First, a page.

• In the browser, there are two ways to generate micro tasks
The first way is to use mutationobserver to monitor a DOM node,
Then modify the node through JavaScript, or add or delete some child nodes for this node,
When the DOM node changes, the micro task of recording DOM changes will be generated.

The second way is to use promise when calling Promise.resolve () or Promise.reject () 
Micro tasks are also generated
  • Summary
1. Micro task and macro task are bound, each macro task will create its own micro task queue when executing;

The duration of the current micro task will be affected;

3. In a macro task, if you create a macro task and a micro task for callback, the micro task will execute earlier than the macro task in any case.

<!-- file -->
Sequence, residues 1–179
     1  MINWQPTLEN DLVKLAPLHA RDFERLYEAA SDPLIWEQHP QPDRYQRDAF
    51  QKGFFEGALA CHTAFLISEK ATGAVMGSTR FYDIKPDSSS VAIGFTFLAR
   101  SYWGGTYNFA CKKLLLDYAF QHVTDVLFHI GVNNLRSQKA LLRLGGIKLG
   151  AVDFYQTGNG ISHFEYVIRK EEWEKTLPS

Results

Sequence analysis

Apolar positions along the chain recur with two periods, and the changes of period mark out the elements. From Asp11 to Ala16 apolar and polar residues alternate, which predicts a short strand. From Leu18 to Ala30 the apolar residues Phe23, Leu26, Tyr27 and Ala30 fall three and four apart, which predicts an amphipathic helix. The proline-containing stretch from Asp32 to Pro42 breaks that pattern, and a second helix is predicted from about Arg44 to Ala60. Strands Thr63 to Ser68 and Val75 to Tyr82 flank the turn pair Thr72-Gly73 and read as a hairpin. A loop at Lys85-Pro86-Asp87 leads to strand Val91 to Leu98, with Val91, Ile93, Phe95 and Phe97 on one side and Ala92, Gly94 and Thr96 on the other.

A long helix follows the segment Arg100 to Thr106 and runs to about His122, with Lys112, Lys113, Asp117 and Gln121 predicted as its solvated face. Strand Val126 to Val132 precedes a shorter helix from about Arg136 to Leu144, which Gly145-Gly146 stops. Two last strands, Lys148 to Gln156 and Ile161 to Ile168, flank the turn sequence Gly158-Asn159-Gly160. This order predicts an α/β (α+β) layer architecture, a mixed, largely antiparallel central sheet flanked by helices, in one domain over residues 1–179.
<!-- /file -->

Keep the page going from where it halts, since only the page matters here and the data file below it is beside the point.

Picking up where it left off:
Task execution sequence

For example, take a look at the execution order of macro task and micro task

setTimeout(function() {
    console.log('a')
});

new Promise(function(resolve) {
    console.log('b')
    for (var i = 0; i <1000; i++) {
        i === 1000 && resolve()
    }
}).then(function() {
    console.log('c')
});

console.log('d');

//1. First, execute the macro task under script, and when it encounters setTimeout, put it into the queue of macro task

//2. In case of promise, execute the new promise directly and print B

//3. When you encounter the then method, which is a micro task, put it in the queue of the micro task

//4. Encounter console.log ('d '), direct printing

//5. After the macro task of this round is executed, check the micro task, find the function in the then method, and print C

//6. This round of event loop has been completed.

//7. In the next cycle, execute the macro task first, and find a setTimeout in the macro task queue, and print a